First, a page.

From the Department of Pulmonary Medicine, Postgraduate Institute of Medical Education and Research.
CORRESPONDENCE TO: Inderpaul Singh Sehgal, MD, DM, Department of Pulmonary Medicine, Postgraduate Institute of Medical Education and Research, Sector-12, Chandigarh-160012, India; e-mail: email@example.com
FINANCIAL/NONFINANCIAL DISCLOSURES: The authors have reported to CHEST that no potential conflicts of interest exist with any companies/organizations whose products or services may be discussed in this article.
Reproduction of this article is prohibited without written permission from the American College of Chest Physicians. See online for more details.
We read with interest the point/counterpoint editorials in a recent issue of CHEST (January 2015)1,2 debating whether American College of Chest Physicians (CHEST) guidelines are global in coverage. Although we agree that evidence-based guidelines formulated by leading international societies cover a vast array of respiratory disorders and are drafted after a thorough review of literature, they may not be applicable and practical at all centers, especially resource-limited settings. For example, the international evidence-based Infectious Diseases Society of America/American Thoracic Society guidelines for the management of community-acquired pneumonia (CAP)3 endorse the use of respiratory fluoroquinolones for management of CAP in patients with comorbidities and those who have received antibiotics within 3 months. However, this cannot be extrapolated to the Indian population where TB is endemic and continues to be an important health issue.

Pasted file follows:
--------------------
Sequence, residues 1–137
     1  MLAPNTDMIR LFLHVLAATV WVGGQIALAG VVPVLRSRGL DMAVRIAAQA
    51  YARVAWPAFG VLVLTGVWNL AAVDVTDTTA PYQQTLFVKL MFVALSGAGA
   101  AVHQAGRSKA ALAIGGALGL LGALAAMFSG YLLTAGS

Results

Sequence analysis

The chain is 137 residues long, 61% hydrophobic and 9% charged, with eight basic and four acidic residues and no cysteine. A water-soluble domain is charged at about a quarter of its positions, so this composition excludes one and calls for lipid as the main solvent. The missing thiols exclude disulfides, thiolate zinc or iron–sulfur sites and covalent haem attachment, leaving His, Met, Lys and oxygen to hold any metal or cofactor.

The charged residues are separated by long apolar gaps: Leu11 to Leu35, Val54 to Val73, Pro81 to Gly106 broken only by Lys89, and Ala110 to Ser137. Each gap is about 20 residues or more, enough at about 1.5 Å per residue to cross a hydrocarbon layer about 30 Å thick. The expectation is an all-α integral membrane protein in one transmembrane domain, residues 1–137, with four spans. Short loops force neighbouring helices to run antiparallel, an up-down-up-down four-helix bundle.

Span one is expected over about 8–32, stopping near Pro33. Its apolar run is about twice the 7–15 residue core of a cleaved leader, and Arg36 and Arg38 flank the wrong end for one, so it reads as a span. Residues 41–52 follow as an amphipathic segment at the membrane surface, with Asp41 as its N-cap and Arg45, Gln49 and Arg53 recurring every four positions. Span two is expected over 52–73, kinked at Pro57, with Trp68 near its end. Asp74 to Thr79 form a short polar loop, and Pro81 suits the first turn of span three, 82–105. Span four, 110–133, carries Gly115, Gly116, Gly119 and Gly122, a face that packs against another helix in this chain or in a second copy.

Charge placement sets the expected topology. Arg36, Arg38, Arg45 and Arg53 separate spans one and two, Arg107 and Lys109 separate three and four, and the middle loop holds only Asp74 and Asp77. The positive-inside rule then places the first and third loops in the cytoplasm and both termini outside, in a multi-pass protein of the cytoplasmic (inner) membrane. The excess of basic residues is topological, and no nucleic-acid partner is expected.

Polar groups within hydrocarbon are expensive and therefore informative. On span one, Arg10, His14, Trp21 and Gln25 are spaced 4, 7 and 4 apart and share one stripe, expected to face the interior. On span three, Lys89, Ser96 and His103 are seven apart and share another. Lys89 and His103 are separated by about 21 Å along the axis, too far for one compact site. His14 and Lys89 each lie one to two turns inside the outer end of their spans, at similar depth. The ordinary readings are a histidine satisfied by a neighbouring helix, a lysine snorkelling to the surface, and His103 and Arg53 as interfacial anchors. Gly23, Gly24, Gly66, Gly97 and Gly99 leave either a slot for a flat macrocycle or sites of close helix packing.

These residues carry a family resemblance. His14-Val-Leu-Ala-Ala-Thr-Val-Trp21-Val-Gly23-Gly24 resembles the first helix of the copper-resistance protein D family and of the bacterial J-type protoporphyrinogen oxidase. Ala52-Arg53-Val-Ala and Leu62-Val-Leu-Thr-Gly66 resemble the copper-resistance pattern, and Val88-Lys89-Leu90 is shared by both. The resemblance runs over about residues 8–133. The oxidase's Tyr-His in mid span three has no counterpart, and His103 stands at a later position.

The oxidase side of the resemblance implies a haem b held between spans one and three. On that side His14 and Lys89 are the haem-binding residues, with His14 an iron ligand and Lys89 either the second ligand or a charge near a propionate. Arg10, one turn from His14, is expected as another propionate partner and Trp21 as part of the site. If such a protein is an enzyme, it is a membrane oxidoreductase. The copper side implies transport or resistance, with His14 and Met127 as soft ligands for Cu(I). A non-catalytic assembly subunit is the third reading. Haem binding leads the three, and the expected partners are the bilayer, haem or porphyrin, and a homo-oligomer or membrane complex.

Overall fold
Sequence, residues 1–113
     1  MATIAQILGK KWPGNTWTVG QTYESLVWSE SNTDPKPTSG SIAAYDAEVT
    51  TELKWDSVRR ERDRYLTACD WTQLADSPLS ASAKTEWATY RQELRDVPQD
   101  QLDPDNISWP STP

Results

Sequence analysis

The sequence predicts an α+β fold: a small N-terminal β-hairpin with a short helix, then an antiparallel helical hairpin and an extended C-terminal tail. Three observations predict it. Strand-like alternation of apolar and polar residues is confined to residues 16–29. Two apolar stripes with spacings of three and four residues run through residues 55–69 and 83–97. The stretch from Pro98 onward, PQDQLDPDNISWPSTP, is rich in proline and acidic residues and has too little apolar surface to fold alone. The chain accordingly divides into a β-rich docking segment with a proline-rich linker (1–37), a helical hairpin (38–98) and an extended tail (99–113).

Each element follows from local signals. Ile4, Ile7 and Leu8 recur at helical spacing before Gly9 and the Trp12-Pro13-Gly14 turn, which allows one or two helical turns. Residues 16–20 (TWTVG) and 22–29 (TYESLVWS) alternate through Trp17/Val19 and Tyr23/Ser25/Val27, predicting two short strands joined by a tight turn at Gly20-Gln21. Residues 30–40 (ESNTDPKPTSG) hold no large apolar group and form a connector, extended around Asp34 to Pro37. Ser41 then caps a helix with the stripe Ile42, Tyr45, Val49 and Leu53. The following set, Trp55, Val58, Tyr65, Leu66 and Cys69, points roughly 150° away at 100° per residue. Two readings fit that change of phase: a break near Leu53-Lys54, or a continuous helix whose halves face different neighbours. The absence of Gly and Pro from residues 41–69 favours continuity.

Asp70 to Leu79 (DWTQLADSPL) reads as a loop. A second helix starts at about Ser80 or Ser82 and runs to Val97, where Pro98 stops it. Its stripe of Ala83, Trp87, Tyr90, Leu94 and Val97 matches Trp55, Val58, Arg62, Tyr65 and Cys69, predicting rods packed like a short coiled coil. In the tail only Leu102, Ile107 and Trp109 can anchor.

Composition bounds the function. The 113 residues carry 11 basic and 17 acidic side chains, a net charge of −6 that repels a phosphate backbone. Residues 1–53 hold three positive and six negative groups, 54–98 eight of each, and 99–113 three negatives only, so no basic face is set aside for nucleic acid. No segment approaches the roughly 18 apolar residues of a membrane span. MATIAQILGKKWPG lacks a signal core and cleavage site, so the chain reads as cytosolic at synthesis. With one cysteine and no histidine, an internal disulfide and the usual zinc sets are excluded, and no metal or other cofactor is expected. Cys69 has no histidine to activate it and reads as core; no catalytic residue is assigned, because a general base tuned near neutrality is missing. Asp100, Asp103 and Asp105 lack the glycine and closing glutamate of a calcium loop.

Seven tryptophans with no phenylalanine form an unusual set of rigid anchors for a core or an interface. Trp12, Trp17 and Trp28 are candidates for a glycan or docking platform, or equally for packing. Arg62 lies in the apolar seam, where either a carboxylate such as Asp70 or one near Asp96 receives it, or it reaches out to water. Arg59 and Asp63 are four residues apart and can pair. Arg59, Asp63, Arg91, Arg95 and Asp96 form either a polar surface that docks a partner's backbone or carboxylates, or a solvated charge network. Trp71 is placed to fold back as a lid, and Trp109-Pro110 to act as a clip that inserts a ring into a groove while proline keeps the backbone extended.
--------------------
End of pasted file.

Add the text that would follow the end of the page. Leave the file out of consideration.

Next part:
Respiratory fluoroquinolones are an integral component for the treatment of drug-resistant TB. Such a recommendation is likely to cause indiscriminative use of quinolones for treatment of community-acquired respiratory tract infections.4 The prior use of quinolones can lead to an increased risk of acquiring infection with drug-resistant Mycobacterium tuberculosis, thus adding to the burden of drug-resistant TB.5 In recent pneumonia guidelines, we have discouraged the indiscriminate use of quinolones in routine management of CAP, reserving its use for treatment of drug-resistant TB.6 In similar fashion, we have also recommended against the use of linezolid for nosocomial pneumonia, reserving its use for drug-resistant TB.6,7 The international guidelines also recommend the use of investigations like measurement of urinary antigen for diagnosis of Streptococcus pneumoniae and Legionella pneumonia. This is not practical for developing countries like India, as these investigations are either not freely available or are too expensive to be used routinely.
Hence, we feel that although the international guidelines including CHEST guidelines are evidence-based and robust, they need to be modified by national chest societies to better suit their population.
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